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Cooling off period proposed for Michigan lawmakers to become lobbyists

Michigan capitol building

LANSING – A Senate bill would require lawmakers to wait two to three years after leaving elected office to become a registered lobbyist. 

That would shut a revolving door of lawmakers-turning-lobbyists after their terms end, according to Sen. Jim Runestad, R-White Lake.

Described as a “cooling-off” period, the ethics proposal would require rank-and-file senators and representatives to wait two years. Committee chairs would need to wait an extra year.

Jim Runestad
Michigan Sen. Jim Runestad of White Lake.

The proposal also would also prohibit lawmakers’ spouses from lobbying while their partners are in office.


However, Runestad, who has unsuccessfully made the same proposal in the past, said he has no hope the bills will even get to the Senate floor for a vote, let alone pass.

Many fellow Republicans are unpersuaded as well.

When they turned down his request to cosponsor the legislation, the Republican lawmakers cited their own future aspirations.


“Time and time again, I would hear, ‘But Jim, I want to be a lobbyist. Why would I sign that?’” Runestad said. “That was the number one thing I heard.”

The lone cosponsor is Sen. Ruth Johnson, R-Holly. Johnson is also a former secretary of state, whose department oversees the registration of lobbyists.

Runestad’s legislation was referred to the Election and Ethics Committee, chaired by Sen. Jeremy Moss, D-Southfield. 

Moss said that the contents of the legislation – a cooling-off period for lawmakers – is a priority for the committee, but a higher priority is handling voter-approved changes in lawmaker financial disclosure laws. 

Jeremy Moss
Michigan Sen. Jeremy Moss of Southfield.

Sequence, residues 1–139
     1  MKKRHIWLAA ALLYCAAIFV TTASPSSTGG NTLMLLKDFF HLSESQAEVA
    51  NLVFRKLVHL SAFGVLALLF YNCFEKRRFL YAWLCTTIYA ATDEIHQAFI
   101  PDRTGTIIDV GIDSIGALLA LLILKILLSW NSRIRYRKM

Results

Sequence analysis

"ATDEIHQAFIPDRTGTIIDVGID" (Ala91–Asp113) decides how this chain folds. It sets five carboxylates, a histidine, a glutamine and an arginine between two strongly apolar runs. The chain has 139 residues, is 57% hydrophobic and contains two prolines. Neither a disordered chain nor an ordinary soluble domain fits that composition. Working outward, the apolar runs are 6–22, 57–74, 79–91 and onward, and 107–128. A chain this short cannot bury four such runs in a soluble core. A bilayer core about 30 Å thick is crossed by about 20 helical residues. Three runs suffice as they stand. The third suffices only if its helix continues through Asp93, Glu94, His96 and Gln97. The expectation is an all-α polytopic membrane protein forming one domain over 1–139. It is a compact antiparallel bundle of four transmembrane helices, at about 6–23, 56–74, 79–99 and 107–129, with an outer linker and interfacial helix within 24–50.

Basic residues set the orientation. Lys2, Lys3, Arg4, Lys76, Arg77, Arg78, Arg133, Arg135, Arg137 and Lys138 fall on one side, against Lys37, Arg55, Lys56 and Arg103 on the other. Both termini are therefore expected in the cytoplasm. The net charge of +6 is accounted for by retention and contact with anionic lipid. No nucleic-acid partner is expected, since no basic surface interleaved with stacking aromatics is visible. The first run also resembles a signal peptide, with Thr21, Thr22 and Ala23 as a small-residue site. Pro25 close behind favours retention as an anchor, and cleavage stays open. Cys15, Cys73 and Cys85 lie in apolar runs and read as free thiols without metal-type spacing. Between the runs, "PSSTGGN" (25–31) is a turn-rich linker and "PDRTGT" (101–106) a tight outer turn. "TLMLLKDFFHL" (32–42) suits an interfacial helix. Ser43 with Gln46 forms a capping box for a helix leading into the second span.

Last November, voters overwhelmingly approved a constitutional amendment that lets lawmakers serve 12 years, instead of 14 years, in the House, Senate or both. It also requires lawmakers to publicly disclose their personal finances.

As for Runestad’s lobbying proposal, Moss said, “Whether it was Sen. Runestad, or somebody else pushing this forward, I want to revisit it, I want to analyze it, I want to see if it actually solves the problems in Lansing. I can’t just commit right now to a timeline or a hearing.”

Moss said Runestad has not reached out to him in his capacity as the committee chair.

“Typically there’s a process by which a person who wants their bill heard will talk to the committee chair ahead of time,” Moss said. “That’s what I did when I was in the minority. I don’t know if Sen. Runestad has his own timeline. If this was one of his policy priorities that he wants to see get done, he has not reached out to me as chair of this committee.”

In Michigan, former lawmakers can become lobbyists the moment they leave office. According to a 2019 report by Public Citizen, 33 states have at least a one-year cooling off period. Other states, including Alabama, Florida and Iowa, have a two-year cooling off period.

Common Cause Michigan, a “good government” watchdog group, hasn’t taken a position on the concept. However, its program director, Quentin Turner, said he’d like more transparency in state government. 

Turner said he would like to understand better the financial incentive of “revolving door” lawmakers. That would make it easier to determine possible relationships between a lawmaker and a lobbying industry.

Turner said if that is the case, there is nothing necessarily wrong with “having a career outside of lawmaking, still involved in Lansing.”

Former Rep. Sara Cambensy, D-Marquette, left office in December and now works as the executive director of the Michigan Chemistry Council. 

Cambensy, who is now a registered lobbyist, said the large amount of turnover of lawmakers due to term limits means she is lobbying many lawmakers she hadn’t met while in the House.

Sara Cambensy
Former Rep. Sara Cambensy of Marquette.

When she arrived at the Capitol, Cambensy said, she was “leery” of lobbyists. Now, after having served there for five years (most House members serve six years, but Cambensy ran in a special election), Cambensy said lobbyists play a role in educating members, which she calls a “great thing.”

“If you’re using (lobbying) to take advantage of legislators, I think that’s where lobbying certainly gets a bad rap,” Cambensy said. 

Runestad said he is concerned with lawmakers chairing committees that focus on and oversee particular industries, then lobbying for one of the same industries.

Cambensy said it is admirable to advocate for transparency and disclosure in government, but isn’t sure that “limiting career choices for legislators” is a good way to advocate for that.

Runestad’s legislation would set penalties at a fine of up to $1,000 and up to 90 days in jail.

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